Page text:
Erdogan defies Greece and Egypt as Turkey resumes Mediterranean drilling
Middle East Eye, Aug 7 2020

Erdogan said on Friday that Turkey had resumed energy exploration work in the eastern Mediterranean, despite a deal signed a day ago between Egypt and Greece granting them exclusive rights over the same area. Erdogan told reporters after participating in Friday prayers at the Hagia Sophia mosque in Istanbul:

We have started drilling work again. We don’t feel obliged to talk with those who do not have rights in maritime jurisdiction zones.

He added that Turkey’s Barbaros Khayr’ed-Din Pasha, a seismic survey vessel, had been sent to the region to carry out its duties. The ship moved into waters off Cyprus in late July and remains in that region. Earlier this month, Egypt said that part of a seismic survey planned by Turkey in the eastern Mediterranean potentially encroached on waters where Cairo claims exclusive rights. The deal between Greece and Egypt was first announced by Egyptian Minister of Foreign Affairs Sameh Shoukry on Thursday during a joint press conference in Cairo with his Greek counterpart, Nikos Dendias. The two diplomats defended the deal, which designates an area of the eastern Mediterranean sea containing promising oil and gas reserves as their exclusive economic zone, as compatible with international law. But Turkey rejected the agreement as “null and void.” Turkey’s foreign affairs ministry said in a statement that there was no mutual sea border between Greece and Egypt, thus making a deal between the two worthless. The Turkish foreign ministry said later on Thursday:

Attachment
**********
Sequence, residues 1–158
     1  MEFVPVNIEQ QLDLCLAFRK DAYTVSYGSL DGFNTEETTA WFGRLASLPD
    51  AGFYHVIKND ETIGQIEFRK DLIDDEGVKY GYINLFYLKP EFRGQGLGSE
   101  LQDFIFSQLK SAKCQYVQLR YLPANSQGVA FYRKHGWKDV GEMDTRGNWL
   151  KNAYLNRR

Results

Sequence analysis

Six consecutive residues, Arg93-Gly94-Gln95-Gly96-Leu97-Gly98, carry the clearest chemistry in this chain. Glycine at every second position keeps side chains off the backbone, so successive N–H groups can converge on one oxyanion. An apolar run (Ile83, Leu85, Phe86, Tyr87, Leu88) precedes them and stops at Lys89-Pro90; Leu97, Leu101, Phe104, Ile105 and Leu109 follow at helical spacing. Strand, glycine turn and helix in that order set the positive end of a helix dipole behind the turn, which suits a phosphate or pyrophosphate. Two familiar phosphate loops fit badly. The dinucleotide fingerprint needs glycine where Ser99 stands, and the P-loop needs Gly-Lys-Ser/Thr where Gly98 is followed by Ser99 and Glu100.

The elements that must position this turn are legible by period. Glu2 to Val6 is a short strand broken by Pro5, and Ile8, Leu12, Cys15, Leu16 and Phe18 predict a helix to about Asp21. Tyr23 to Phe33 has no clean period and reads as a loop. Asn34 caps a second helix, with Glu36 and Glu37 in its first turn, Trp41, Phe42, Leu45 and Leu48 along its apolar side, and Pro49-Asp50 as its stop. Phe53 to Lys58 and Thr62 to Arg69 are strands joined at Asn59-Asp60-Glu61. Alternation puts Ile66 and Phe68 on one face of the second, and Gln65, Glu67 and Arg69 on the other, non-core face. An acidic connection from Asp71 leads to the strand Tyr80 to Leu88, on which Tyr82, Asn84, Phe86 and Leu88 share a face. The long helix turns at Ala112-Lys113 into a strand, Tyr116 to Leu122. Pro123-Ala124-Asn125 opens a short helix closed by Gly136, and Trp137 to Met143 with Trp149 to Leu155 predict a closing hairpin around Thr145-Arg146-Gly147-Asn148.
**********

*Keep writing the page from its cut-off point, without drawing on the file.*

It is without a doubt that Turkey will not allow any activity at the area in question and will resolutely continue to defend its legitimate rights and interests as well as those of the Turkish Cypriots in the Eastern Mediterranean.

Egypt and Greece have long been at odds with Turkey over territorial waters in the Mediterranean. Last year, Turkey penned a maritime delimitation agreement with Libya’s Government of National Accord, in a move that escalated disputes over potential offshore gas reserves in the eastern Mediterranean. Egypt and Greece condemned the deal as ‮‮”‬‬illegal‮‮”‬‬ and a violation of international law. NATO members Turkey and Greece have overlapping claims for hydrocarbon resources in their shared waters, prompting German Chancellor Angela Merkel to hold talks with both country’s leaders to ease tensions.

Leave a Reply

Fill in your details below or click an icon to log in:

WordPress.com Logo

You are commenting using your WordPress.com account. Log Out /  Change )

Google photo

You are commenting using your Google account. Log Out /  Change )

Twitter picture

You are commenting using your Twitter account. Log Out /  Change )

Facebook photo

You are commenting using your Facebook account. Log Out /  Change )

Connecting to %s

This site uses Akismet to reduce spam. Learn how your comment data is processed.